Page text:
Trouble arises when the heart can't properly relax.
Relaxation is every bit as important for your heart as it is for the rest of you. If for some reason the heart has trouble relaxing between beats, then it can't fill completely. Less blood pumped with each contraction sets the stage for a "new" type of heart failure that goes by many names: diastolic heart failure, heart failure with normal ejection fraction, heart failure with preserved systolic function, and others.
Diastolic heart failure isn't really new. It's just that doctors now have tools that let them see how this form of heart failure differs from "regular" (systolic) heart failure. Up to half of the 600,000 Americans who develop heart failure each year have diastolic heart failure. Both types of heart failure result in the same thing — the heart has trouble supplying the body's organs and tissues with the oxygen-rich blood they need.
Stiffening and bulking up
Every heartbeat has two distinct phases. During systole (SIS-tuh-lee), cardiac muscle fibers contract in unison. This makes the heart twist a bit and close in on itself, propelling blood to the lungs and the body. During diastole (die-AS-tuh-lee), the muscle fibers relax and stretch. This lets the four chambers expand and fill with blood as the heart untwists, creating suction that helps pull blood into the ventricles.
Aging takes some of the spring out of the muscles in the heart. High blood pressure, cholesterol-clogged coronary arteries, muscle damage from a heart attack, a malfunctioning heart valve, diabetes, anemia, an overactive thyroid gland, and other problems can also stiffen heart muscle and bulk up the muscle inside the left ventricle.
Diastolic heart failure looks and feels just like systolic heart failure. Its hallmarks are shortness of breath with exertion or when lying down; swelling in the legs, ankles, or abdomen; unexplained fatigue; or a bulging jugular vein. The main way to distinguish one type from the other is with an echocardiogram. It can show the size and shape of the left ventricle and gauge how it is functioning. It can also determine ejection fraction — the percentage of blood in the filled left ventricle that is pumped out during a contraction.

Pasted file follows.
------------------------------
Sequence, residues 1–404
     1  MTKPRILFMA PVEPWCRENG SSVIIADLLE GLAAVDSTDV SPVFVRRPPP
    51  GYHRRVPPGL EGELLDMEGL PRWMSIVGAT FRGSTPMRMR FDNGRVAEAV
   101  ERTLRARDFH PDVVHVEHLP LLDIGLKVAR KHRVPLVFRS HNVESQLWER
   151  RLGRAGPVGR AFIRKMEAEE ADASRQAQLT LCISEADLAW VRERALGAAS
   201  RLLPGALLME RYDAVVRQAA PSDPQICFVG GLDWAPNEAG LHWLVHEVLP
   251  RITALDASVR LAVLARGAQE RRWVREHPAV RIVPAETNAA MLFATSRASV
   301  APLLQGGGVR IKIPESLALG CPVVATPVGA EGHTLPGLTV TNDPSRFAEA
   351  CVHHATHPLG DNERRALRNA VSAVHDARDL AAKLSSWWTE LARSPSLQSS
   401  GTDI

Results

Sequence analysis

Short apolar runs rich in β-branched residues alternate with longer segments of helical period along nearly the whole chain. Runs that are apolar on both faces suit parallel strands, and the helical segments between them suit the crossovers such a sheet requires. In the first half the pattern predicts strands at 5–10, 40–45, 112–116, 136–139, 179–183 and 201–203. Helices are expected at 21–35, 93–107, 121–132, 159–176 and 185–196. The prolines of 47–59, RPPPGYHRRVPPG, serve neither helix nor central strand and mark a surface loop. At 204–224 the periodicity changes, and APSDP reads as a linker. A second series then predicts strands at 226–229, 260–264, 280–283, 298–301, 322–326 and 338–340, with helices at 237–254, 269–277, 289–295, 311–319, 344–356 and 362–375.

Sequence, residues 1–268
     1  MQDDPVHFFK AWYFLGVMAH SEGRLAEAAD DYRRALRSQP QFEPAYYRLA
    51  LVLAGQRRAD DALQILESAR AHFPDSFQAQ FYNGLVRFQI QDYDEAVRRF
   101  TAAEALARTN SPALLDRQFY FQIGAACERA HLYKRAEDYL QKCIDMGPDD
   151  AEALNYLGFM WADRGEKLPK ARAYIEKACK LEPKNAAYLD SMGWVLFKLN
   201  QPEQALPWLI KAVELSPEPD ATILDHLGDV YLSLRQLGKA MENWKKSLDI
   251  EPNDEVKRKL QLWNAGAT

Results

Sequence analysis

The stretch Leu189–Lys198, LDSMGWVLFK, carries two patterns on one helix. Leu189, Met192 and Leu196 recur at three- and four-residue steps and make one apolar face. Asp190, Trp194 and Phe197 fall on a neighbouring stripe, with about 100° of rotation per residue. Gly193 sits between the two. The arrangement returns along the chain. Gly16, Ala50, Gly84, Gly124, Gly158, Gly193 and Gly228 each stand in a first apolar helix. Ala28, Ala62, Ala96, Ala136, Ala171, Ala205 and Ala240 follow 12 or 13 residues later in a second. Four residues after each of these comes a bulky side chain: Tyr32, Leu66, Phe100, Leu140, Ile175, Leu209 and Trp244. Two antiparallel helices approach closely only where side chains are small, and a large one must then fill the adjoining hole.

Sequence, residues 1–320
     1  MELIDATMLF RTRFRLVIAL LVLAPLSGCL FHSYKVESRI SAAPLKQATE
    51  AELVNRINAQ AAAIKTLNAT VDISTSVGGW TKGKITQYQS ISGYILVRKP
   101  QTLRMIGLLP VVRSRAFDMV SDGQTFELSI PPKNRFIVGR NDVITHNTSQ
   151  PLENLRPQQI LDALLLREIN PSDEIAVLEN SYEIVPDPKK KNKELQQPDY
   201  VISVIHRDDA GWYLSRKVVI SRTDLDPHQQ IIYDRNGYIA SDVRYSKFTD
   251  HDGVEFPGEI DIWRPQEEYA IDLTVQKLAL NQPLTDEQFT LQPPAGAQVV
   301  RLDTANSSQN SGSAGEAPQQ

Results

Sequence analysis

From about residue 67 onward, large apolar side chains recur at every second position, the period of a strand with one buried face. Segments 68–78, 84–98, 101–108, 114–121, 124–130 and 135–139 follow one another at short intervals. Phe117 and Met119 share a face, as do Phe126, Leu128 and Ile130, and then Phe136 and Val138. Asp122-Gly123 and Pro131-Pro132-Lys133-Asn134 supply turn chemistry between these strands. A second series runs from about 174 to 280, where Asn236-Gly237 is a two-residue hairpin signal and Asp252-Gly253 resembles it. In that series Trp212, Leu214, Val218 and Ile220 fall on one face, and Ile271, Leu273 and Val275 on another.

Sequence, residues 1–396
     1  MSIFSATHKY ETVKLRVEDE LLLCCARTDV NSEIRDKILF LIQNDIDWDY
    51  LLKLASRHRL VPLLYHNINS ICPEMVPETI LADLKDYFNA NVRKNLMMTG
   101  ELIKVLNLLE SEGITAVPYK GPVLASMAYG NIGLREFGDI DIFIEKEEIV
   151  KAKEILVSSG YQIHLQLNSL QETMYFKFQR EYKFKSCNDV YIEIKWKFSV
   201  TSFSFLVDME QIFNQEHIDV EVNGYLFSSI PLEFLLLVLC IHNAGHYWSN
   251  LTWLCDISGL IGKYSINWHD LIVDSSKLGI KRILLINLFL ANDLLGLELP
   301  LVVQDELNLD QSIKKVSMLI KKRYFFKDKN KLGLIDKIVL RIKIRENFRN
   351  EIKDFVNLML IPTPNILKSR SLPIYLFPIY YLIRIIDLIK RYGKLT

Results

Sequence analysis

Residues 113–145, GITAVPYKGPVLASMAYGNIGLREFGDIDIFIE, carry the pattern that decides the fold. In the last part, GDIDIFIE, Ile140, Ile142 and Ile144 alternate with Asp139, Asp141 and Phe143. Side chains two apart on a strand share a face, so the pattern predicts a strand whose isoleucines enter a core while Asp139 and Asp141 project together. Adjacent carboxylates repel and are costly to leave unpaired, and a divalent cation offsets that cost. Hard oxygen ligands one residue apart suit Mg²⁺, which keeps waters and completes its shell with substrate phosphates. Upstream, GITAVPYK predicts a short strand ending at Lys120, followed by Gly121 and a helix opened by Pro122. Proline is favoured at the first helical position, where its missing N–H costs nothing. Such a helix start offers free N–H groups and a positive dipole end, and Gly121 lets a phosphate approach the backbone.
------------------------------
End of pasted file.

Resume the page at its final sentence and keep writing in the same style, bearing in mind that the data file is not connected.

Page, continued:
A low ejection fraction (under 35% or so) with symptoms equals systolic heart failure; a normal ejection fraction with symptoms equals diastolic heart failure.
When the heart can't relax
Open space inside the ventricles can be restricted by heart muscle that "bulks up" due to overwork or other causes, or that stiffens and loses its flexibility.
What to do
The big problem with diastolic heart failure is that doctors don't yet know the best way to treat it. Therapies proven to work for systolic heart failure (characterized by a thin, flabby left ventricle) don't necessarily work for diastolic heart failure (characterized by a thick, stiff left ventricle). Scores of clinical trials investigating possible treatments for diastolic heart failure are ongoing, but solid results are still a ways off.
In the meantime, the American Heart Association and American College of Cardiology recommend controlling:
systolic and diastolic blood pressure
leg swelling and lung congestion using diuretics ("water pills")
how fast the ventricles beat in people with atrial fibrillation.
Treatments the heart groups suggest might work include angioplasty or bypass surgery when blood flow through cholesterol-clogged coronary arteries hampers heart function, and the use of ACE inhibitors, beta blockers, or calcium-channel blockers to help ease symptoms. Watching salt and fluid intake, as well as regular exercise, may also help.
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